Friday, March 07, 2003


Joe Conason tells us about it.

Excuse me, but did I hear correctly what Mohammed El-Baradei said this morning? According to Reuters, I did: The chairman of the International Atomic Energy Authority told the UN Security Council that the documentary evidence of Iraqi attempts to buy uranium from Niger in 1999 is "not authentic." Or to use a ruder term, the proof of this allegation provided by British intelligence last fall – and repeated by the US State Department last December -- was faked.

As El-Baradei continued his polite but thorough debunking of alarms about Iraqi nuclear capability spread by the Bush and Blair governments, he quickly passed over that little bombshell. (He dwelled longer on the question of those aluminum tubes and magnets supposedly intended for uranium enrichment centrifuges, stating again, with near-certainty after additional probing, that those items were obtained for other purposes.) What the IAEA apparently established is that letters or other documents purporting to show an Iraqi bid for uranium from Niger were forged. Among other things, he noted that handwriting on those documents had been checked by "outside" experts.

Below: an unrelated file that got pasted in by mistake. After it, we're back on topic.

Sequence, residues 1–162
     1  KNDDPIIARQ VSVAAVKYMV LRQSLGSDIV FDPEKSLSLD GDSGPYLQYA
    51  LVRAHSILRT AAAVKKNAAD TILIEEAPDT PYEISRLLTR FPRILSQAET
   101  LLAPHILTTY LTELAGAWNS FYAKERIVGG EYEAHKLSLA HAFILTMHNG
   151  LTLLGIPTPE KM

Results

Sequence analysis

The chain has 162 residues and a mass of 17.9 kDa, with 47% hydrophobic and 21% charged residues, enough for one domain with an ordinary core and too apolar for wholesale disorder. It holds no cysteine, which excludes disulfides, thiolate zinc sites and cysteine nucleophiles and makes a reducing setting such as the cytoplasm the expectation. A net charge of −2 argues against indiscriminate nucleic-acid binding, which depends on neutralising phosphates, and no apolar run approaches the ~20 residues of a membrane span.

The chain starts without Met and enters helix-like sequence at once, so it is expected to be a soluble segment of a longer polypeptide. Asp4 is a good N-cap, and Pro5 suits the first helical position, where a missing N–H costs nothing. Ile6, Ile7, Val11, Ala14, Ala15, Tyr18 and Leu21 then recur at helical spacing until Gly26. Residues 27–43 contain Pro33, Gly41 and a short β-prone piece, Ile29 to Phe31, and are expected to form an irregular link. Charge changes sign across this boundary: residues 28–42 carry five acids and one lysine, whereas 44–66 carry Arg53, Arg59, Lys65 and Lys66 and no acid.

So much for the vaunted Iraqi bomb (a topic conspicuously omitted by President Bush from his war-preview press conference last night). Assuming that El-Baradei's accusation about the Niger uranium hoax is correct, what remains to be discovered is where the phony documents originated and why it was created. Like the plagiarized "intelligence report" put out by the British and cited by Secretary of State Powell at the UN last month, this is a matter for investigation by the appropriate committees of Parliament and Congress. Or it would be, if those honorable legislatures possessed the necessary independence for intelligence oversight.

My emphasis. Go to it Our Free and Independent Media!